Saturday, April 16th, 2016

uc-davis-pic

If you have a few minutes, could you repost this image to your blog and/or Facebook page?

Some references you may want to cite include:

Pepper-sprayed students outraged as UC Davis tried to scrub incident from web by Anita Chabria

Calls for UC Davis chancellor’s ouster grow amid Internet scrubbing controversy by Sarah Parvini and Ruben Vives.

UC Davis Chancellor Faces Calls To Resign Over Pepper Spray Incident (NPR)

Katehi’s effort to alter search engine results backfires spectacularly

UC Davis’ damage control: Dumb-de-dumb-dumb

Reposting the image and links to the posts cited above will help disappoint the mislaid plans to suppress it.

What is more amazing than the chancellor thinking information on the Internet can be suppressed, at least for a paltry $175K, is this pattern will be repeated year after year.

Lying about information known to others is a losing strategy, always.

But that strategy will be picked up by other universities, governments and their agencies, corporations, to say nothing of individuals.

Had UC Davis spent that $175K on better training for its police officers, people would still talk about this event but it would be in contrast to the new and improved way US Davis deals with protesters.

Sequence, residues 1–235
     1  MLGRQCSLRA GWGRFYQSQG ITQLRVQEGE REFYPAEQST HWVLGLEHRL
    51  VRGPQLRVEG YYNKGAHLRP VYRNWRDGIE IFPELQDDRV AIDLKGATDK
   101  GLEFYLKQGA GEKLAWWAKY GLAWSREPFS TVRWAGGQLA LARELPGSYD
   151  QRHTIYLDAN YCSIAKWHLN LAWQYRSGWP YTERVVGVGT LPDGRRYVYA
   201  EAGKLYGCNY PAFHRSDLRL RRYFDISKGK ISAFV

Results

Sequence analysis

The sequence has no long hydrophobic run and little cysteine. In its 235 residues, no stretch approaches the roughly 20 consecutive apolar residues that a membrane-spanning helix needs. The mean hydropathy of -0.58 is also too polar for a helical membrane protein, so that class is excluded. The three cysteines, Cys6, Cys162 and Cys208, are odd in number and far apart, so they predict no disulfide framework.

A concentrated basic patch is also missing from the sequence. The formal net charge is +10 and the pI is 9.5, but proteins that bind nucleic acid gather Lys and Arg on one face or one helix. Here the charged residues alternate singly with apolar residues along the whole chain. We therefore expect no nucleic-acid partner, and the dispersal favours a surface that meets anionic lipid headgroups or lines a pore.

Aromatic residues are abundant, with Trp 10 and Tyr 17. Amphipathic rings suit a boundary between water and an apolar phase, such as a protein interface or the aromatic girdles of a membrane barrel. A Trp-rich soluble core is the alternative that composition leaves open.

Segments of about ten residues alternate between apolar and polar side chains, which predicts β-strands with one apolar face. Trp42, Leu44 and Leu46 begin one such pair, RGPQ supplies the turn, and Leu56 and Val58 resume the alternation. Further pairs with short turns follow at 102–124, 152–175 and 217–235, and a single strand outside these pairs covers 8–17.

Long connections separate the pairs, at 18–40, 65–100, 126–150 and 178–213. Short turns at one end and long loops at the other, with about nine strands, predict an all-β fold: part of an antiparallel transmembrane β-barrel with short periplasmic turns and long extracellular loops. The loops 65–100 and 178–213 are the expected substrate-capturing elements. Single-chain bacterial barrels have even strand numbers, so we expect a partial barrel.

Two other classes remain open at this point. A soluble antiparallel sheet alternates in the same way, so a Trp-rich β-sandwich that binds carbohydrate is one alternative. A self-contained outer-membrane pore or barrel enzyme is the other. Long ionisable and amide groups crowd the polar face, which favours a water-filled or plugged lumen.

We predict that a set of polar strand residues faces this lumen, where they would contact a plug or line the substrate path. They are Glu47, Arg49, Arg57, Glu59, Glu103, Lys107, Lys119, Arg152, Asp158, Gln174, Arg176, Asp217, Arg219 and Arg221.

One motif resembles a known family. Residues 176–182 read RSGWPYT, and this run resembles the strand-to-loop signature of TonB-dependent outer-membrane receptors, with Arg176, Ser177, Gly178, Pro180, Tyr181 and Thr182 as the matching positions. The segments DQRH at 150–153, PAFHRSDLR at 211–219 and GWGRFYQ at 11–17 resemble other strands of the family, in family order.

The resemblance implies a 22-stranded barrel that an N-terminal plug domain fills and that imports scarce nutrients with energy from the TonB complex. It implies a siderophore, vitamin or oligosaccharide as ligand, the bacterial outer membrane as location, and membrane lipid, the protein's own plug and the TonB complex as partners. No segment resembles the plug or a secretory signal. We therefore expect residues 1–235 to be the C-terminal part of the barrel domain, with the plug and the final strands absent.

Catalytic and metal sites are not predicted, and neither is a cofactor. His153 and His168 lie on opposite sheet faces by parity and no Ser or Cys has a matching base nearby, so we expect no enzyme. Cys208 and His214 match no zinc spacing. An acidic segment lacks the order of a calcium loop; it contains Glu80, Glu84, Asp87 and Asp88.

That’s not likely to happen now.

Visualizing Data Loss From Search

Thursday, April 14th, 2016

I used searches for “duplicate detection” (3,854) and “coreference resolution” (3290) in “Ironically, Entity Resolution has many duplicate names” [Data Loss] to illustrate potential data loss in searches.

Here is a rough visualization of the information loss if you use only one of those terms:

duplicate-v-coreference-500-clipped

If you search for “duplicate detection,” you miss all the articles shaded in blue.

If you search for “coreference resolution,” you miss all the articles shaded in yellow.

Suggestions for improving this visualization?

It is a visualization that could be performed on client’s data, using their search engine/database.

In order to identify the data loss they are suffering now from search across departments.

With the caveat that not all data loss is bad and/or worth avoiding.

Imaginary example (so far): What if you could demonstrate no overlapping of terminology for two vendors for the United States Army and the Air Force. That is no query terms for one returned useful results for the other.

That is a starting point for evaluating the use of topic maps.

While the divergence in terminologies is a given, the next question is: What is the downside to that divergence? What capability is lost due to that divergence?